US 3979750 A
An array of parametric amplifiers is optically fed pump power by a pump sce. Beam steering of the array is provided by changing the apparent phase of the pump source.
1. A system comprising a plurality of receiver antenna elements in an array; a plurality of parametric amplifiers each having an input terminal, output terminal and a pump feed terminal; a source of pump power being connected to said pump feed terminals; said plurality of receiver array antenna elements being connected to said input terminals; said source of pump power having its phase input to the pump feed terminals changeable so as to cause steering of the output of the parametric amplifiers; a plurality of pump feed horns having their outputs connected to the pump feed terminals; a pump horn connected to said source of pump power; and said pump horn spatially feeding said plurality of feed horns.
2. The system as set forth in claim 1 wherein said pump horn is movable relative to the antenna elements so as to provide the steering.
3. A system as set forth in claim 1 wherein said pump horn comprises an array of pump radiator horns connected to said source of pump power; and said array of pump radiator horns spacially feeding said pump feed horns so as to provide pump power for the parametric amplifiers.
4. A system as set forth in claim 3 further comprising means connected between the pump power and said pump radiator horns so as to electronically change the phase output of the pump radiator horns in order to provide steering of the output of said amplifiers.
The invention described herein may be manufactured, used, and licensed by or for the Government for Governmental purposes without the payment to me of any royalties thereon.
A major problem in using modular phased arrays having a parametric amplifier at each element is providing pump power to the parametric amplifiers. This difficulty is caused by the fact that the pump frequency must be much higher than the operating frequency, ten or more times higher. If the operating frequency itself is high, for example, 10 gHz, then the pump frequency is inconveniently high. It becomes difficult to distribute over a large array face because of conventional feed losses and the phase tolerances (and thus mechanical tolerances) that may be required.
A receiver array is comprised of parametric amplifiers which are optically fed for simultaneous distribution of the pump power and for beam steering of the antenna array. The output phase of a degenerative parametric amplifier is directly proportional to the phases of the input and the pump signals and independent of frequency. Since wavelengths are inversely related to the frequencies, small changes in the high frequency pump input path conveys large changes in the output phase of the antenna array. Therefore the pump power source can be moved physically or a steering means can cause steering of the receiver array.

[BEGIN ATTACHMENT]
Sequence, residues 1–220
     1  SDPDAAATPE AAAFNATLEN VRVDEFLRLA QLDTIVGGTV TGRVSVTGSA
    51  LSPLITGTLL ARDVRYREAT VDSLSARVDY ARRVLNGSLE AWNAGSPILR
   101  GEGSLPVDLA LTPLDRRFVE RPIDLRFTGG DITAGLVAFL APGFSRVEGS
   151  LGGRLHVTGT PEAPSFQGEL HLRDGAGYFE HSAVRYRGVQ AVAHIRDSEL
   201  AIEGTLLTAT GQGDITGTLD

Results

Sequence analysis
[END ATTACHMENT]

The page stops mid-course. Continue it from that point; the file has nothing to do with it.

FIG. 1 is a side view of one embodiment of the present invention;
FIG. 2 is a front view of the receiver array;
FIG. 3 is an illustration of the change in the phase of the pump power with movement of the pump horn; and
FIG. 4 illustrates an alternative embodiment with electronic steerable pump power.
The receiver array 11 is shown in FIGS. 1-4 and consists of a lattice of units 13 as shown in FIG. 2. FIG. 1 shows that each unit consists of a degenerative parametric amplifier 15, a signal receiver antenna element 17, a signal output antenna element 19, pump horn collector element 21, and a phase shifter 23. The phase shifter 23 is used in the conventional way to correct for line length differences.
A pump radiator horn 25 is provided to optically feed the pump receiver horns 21-21n of the parametric amplifiers. A pump source 27 provides power for the pump horn. The pump horn 25 is movable as indicated by the arrows so as to provide steering to the antenna array 11. Advantage is taken of the fact that the output phase of the degenerative parametric amplifier is dependent directly on the phase of both the signal phase and the pump power phase. The phase is conserved independently of frequency. In other words, for a fixed input phase, if the pump position is varied ten degrees, the output phase of the antenna also changes ten degrees. Since the pump frequency is ten or more times that of the input signal frequency to the antennas, a small path length change at the pump 25 will accomplish a large change in the output phase of the array of antenna elements 19-19n.
FIG. 3 shows how a small change in pump feed horn position and angle results in a large change in array steering angle. The path length change between A and B caused by the motion of horn 25 while still centered on the center of array face 11 is made clear. Obviously since the path lengths are changed the phase of the signal arriving at the different pump receiver horns is changed proportionally. With the use of the steering by pump horn 25, the signal picked up by antenna elements 17-17n can be steered to the signal collector horn 29 which is connected to the receiver 31.
FIG. 4 is the same as FIG. 1 except that the pump horn is made up of an array 33 of horns 34-34n. The array is electronically controlled by phase shifters 36-36n which are supplied by controlling means within the radar not shown. A defocussing lens 38 is provided for distributing the power to the pump receiver horns 21. The defocussing lens 38 may be omitted by proper setting of the biases in the phase shifters. The embodiment shown in FIG. 4 accomplishes the same as that shown in FIG. 1 except that instead of physically moving the pump horn; the apparent position of the feed is controlled by the phase shifters electronically. This presents a phase shift to the parametric amplifiers 15-15n so as to steer the signal received by the array 11.